This is the seventh in a series of guest posts written by ex-offenders who have turned their lives around and now work, in one way or another, in the criminal justice sector.
Today Paula Harriott tells how she survived prison to find her voice and has built a professional career giving a voice to others.
A professional profile
My Linkedin profile looks quite professional, even if I say so myself:
You can find out that I actively ensure that all the policy and practice at RDA is founded in the perspective of those that use services, that I act as a consultant to the Big Lottery Fulfilling Lives programme on service user involvement, have written toolkits on the * how to “ of service user involvement and above all, work enthusiastically in the field of criminal justice and across the spectrum of multiple and complex needs, advocating that listening to the views of those that use services, and acting on their insight, is the first step to changing the system for the better.
The trauma of incarceration
What that Linked in profile doesn’t explicitly tell you though is that 2004-2012 I was serving an eight year sentence ; 4 years in prison and 4 on license in the community and that it wasn’t my first contact with the system either.
It doesn’t let you into the personal world of the semi-dysfunctionality that is my normal, the sadness, guilt and regret that is also part of my personal and professional story.
It doesn’t tell you about the deep pain of being an imprisoned mother of five children , it doesn’t tell you of the trauma of incarceration and the lifelong sentence of trying to make anew , faced with the debris and the struggle to make sense of good and the bad consequences.
It doesn’t tell you of the disappointments, the discrimination, the stigma, the judgements and the plain cruelty I have had to battle to reach here either.
But then neither does it tell you of the fabulous people who have extended their hearts to help and to support.
The chaplaincy in prison (hence I am now a Trustee of the Community Chaplaincy Association).
Adam Nichols the CEO at Changemakers (now working here) who employed me straight out of prison, who supported me through a series of anonymous hate mail sent to the Head Office and gossip and whispers and always reassured me of his ability to defend his decision to employ me in light of press interest.
Mark Johnson , the CEO at User Voice, who taught me to find my voice and integrate my story with an ever increasing level of self-honesty, as well as numerous others who have kindly shared what they know of themselves and their networks in order to help me.
Too many to name in person, but I salute you all ; and I shouldn’t forget the team I work with at RDA, led by Christina Marriott, who support me always with their values and insight. Just like I could not have survived prison without the support of my fellow prisoners, I also acknowledge that as an ex prisoner, I cannot survive the world of professional work without authentic support from my colleagues too.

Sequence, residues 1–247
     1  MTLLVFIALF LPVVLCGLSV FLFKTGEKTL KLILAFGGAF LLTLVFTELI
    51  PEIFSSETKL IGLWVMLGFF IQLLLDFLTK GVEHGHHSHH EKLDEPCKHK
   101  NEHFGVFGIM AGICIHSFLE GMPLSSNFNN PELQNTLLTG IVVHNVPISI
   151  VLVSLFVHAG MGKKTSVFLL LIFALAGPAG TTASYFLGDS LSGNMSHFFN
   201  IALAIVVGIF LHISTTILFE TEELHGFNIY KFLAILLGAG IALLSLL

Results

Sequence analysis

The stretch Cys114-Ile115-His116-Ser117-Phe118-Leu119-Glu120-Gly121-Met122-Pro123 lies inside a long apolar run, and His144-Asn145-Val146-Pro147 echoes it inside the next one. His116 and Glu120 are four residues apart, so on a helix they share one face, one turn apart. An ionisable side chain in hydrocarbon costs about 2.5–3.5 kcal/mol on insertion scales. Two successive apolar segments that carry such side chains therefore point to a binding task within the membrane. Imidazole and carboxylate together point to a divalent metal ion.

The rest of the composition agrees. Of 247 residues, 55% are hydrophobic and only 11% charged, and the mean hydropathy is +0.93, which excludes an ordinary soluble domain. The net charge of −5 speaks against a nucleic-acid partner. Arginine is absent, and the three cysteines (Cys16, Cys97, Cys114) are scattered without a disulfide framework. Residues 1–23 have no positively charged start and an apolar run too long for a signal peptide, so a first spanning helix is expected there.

How did I get here, invited by Russell Webster to write about my journey? It’s been a mixture of dedication, persistence, passion, anger, pain, bitterness and a quest for joy and social justice, And there has been some good luck too
It all started in prison as a peer supporter ; supporting women to access distance learning and then moving to act as a prisoner resettlement advice worker with NACRO. I will never forget the embarrassment of being asked by prison staff in the resettlement building to refrain from using the staff toilets and to return to my cell block to use the prisoner loos.
I found myself a ROTL placement at the Scarman Trust, a small charity concerned with community development I was really proud of myself as an admin worker ; that pride shattered when the Sun followed me for a day and published an horrific story:
Drug lag let out to work in drug rife Handsworth
with the most awful mug shot. I will never forget that journey on the train sitting opposite commuters reading the story and looking directly at me as I tried to avoid their gaze and the fear that I felt at being so publicly outed
Why service user involvement?
Well, it is because once you personally know what it feels like to be stripped of your identity, to be a number not a person, when speaking out risks punishment, when judgement permits cruelty to be normalized, creating a space for a voice is vital.
It’s vital on a personal level, because it acknowledges the personal value of that voice, and that is a strong message to the individual and to the organization as well as the pragmatic benefit of utilising customer insight to drive service improvement
At Scarman Trust and at Changemakers I learnt the power of community development through strengths based approaches and through appreciative enquiry and at User Voice I had the opportunity to be part of a groundbreaking approach to developing user voice in prison and in probation.
More recently I have utilised what I have learnt to work in a more strategic way, feeding grassroots knowledge into policy development spaces
In all of these endeavours I remember what drives me: a belief that prisons are mainly full of people who have encountered numerous and complex challenges in life prior to becoming offenders, and who need support to recover and that fixing this desperate state of affairs is everyone’s responsibility.